New Round of Tests Underway at Park Near Battery Recycling Plant - NBC Southern California


New Round of Tests Underway at Park Near Battery Recycling Plant



    New Round of Tests Underway at Park Near Battery Recycling Plant
    Members of the Los Angeles County Health Department test soil at a park in East Los Angeles on Thursday, March 13, 2014. The park is near the beleaguered Exide battery plant that has been under fire.

    It was just a few days ago that a state report confirmed widespread lead contamination in the neighborhoods near the Exide Battery Recycling plant in Vernon.

    Los Angeles County officials ordered a new round of testing in East LA’s Salazar park, near Exide.

    The NBC4 I-team has learned workers form the LA County Health Department took more than 20 additional samples Thursday.

    Results came back Friday, and County officials say they "look good."

    Angelo Bellomo, the director of Environmental Health for LA County, says the tests were ordered after park employees and nearby residents voiced concern over lead contamination.

    Bellomo says the county is most concerned with areas of the park that contain exposed soil, like the baseball infield.

    Bellomo says all but three samples came back under 80 parts per million, considered the threshold for more comprehensive testing.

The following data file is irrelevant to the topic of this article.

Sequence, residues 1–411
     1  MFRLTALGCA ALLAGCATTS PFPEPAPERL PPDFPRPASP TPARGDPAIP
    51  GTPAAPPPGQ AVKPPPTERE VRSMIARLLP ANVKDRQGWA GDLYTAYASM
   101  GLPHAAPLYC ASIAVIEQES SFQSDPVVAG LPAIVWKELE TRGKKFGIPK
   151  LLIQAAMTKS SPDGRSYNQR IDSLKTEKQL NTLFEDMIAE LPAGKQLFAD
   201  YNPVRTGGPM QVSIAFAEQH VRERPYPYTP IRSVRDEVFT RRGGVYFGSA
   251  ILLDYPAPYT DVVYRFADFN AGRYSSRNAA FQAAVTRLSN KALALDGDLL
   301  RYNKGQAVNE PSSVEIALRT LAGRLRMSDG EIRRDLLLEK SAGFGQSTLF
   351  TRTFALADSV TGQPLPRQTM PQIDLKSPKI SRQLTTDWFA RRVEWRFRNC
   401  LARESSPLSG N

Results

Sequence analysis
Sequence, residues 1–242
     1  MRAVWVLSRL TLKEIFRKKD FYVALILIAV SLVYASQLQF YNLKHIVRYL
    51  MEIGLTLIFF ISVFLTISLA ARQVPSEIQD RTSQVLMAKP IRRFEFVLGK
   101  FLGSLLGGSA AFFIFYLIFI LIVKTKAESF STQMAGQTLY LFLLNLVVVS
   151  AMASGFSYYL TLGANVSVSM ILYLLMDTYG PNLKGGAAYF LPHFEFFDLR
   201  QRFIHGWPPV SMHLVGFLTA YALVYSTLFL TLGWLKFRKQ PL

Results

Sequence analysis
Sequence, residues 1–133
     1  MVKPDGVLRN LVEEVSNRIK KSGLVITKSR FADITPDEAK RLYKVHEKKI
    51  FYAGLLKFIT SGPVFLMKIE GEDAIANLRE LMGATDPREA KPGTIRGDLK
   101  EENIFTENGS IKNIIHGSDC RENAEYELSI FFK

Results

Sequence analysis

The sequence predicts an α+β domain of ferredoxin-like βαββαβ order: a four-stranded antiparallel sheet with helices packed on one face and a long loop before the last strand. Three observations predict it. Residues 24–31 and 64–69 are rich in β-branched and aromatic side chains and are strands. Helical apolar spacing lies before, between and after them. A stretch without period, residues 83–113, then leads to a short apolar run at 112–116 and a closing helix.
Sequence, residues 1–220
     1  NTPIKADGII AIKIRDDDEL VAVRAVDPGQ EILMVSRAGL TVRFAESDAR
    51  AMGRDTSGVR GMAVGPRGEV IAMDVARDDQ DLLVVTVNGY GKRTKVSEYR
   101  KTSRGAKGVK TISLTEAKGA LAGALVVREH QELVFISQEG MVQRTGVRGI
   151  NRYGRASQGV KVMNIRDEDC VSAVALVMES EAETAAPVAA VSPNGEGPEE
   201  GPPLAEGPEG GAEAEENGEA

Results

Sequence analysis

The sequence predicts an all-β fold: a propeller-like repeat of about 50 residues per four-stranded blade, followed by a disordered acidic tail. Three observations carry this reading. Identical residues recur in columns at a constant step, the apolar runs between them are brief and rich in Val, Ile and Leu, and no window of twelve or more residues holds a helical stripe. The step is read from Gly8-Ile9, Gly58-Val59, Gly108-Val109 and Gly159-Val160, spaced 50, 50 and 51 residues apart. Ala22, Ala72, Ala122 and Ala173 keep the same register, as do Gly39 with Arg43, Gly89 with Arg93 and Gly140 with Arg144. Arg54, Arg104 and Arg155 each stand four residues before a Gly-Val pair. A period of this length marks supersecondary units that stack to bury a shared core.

He says, based on the newest round of tests, the soil at Salazar park "does not present a significant threat of exposure to park staff, visitors, or schools near the park."

    The state considers 400 parts per million to be hazardous.

    Still, the state has ordered more testing be done at neighborhoods near the Exide plant.

    A report issued this week showed elevated lead levels at Salazar Park, and in the backyards of all 39 homes that were tested.

    In a statement, Exide officials say they will "work cooperatively to conduct the requested additional sampling and the interim cleanup measures … (T)he company is committed to investing in the Vernon facility to further reduce emissions and protect public health."

    Neighbors say all of this is troubling.

    "I hope they take care of it," says Marco Gomez, who lives in the tree-lined neighborhood. "I think they should take all the lead out somehow.

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